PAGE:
The current study expanded upon previous research by integrating a broad range of disasters into the methodology (natural hazards, mass violence, and pandemic). This allowed for more general discussion and an assessment of the students' and university's strengths and weaknesses in preparedness in broad strokes. Unlike most previous studies on disaster preparedness among university students, this study was not conducted in the aftermath of a disaster. Therefore, perceptions and attitudes about preparedness expressed in the focus groups likely reflect students' views when disasters are not especially salient (Becker et al., 2013; Powell et al., 2012). It is also noteworthy that the sample size was relatively large compared to that of previous qualitative studies on the disaster-related preparedness of university students (e.g., Becker et al., 2013; McGee & Gow, 2012; Mitchell et al., 2014).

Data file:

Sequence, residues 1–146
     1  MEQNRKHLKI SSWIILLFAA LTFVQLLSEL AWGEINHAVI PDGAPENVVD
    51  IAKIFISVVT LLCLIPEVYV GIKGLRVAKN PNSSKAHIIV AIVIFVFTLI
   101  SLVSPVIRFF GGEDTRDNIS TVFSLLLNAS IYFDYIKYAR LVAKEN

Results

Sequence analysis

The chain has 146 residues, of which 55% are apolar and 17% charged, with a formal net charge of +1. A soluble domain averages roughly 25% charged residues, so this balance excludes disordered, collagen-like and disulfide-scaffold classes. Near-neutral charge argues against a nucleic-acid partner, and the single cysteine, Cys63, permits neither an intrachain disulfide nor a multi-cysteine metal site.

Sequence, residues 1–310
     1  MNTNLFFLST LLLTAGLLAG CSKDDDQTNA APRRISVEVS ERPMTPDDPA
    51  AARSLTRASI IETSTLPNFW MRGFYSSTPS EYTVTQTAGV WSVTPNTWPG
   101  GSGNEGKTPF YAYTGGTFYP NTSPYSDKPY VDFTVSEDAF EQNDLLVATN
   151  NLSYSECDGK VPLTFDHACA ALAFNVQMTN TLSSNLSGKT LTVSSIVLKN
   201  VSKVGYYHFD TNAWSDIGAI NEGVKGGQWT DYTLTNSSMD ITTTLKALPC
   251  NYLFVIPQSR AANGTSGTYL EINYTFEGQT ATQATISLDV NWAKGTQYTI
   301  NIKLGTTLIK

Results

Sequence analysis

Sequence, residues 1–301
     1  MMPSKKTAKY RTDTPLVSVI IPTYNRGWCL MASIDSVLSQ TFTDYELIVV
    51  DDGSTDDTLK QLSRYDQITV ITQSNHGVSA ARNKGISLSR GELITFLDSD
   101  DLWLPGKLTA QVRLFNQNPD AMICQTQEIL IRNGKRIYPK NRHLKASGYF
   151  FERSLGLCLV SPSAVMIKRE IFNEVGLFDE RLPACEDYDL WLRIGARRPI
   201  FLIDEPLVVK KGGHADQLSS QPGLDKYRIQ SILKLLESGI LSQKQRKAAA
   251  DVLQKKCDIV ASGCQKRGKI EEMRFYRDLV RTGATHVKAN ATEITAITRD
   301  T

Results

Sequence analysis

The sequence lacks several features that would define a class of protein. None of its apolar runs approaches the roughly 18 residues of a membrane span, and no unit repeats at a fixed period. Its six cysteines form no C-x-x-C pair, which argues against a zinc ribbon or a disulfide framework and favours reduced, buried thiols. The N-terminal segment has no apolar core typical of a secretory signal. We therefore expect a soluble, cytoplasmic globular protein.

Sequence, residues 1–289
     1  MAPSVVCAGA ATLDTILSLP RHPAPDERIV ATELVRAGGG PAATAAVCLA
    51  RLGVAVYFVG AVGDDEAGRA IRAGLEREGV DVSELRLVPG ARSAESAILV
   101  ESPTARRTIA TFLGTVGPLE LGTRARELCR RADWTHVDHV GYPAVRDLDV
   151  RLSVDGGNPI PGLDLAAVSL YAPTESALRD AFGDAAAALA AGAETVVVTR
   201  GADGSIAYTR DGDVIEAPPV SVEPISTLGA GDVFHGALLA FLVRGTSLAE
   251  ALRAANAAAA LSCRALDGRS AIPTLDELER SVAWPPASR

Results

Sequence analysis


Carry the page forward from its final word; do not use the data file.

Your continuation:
Motivating students to prepare will facilitate better outcomes in the event of a disaster-related event; therefore, continued research on this topic among university student populations is crucial. The information generated from this qualitative study informed subsequent quantitative survey development in the area of disaster preparedness, producing better measures to assess student attitudes. Subsequent studies should assess staff and faculty perceptions of preparedness in order to determine if they are prepared to guide the students who rely on them in the event of a disaster. There are some data indicating that faculty and staff may not be comfortable in this role (Weber et al., 2018). Additionally, future research should examine the effect of potential demographic differences--including age, gender, race/ethnicity, year in school, social organization affiliation (e.g., Greek life), and international student status--on preparedness attitudes and behaviors. This information could help identify groups most in need of targeted educational efforts.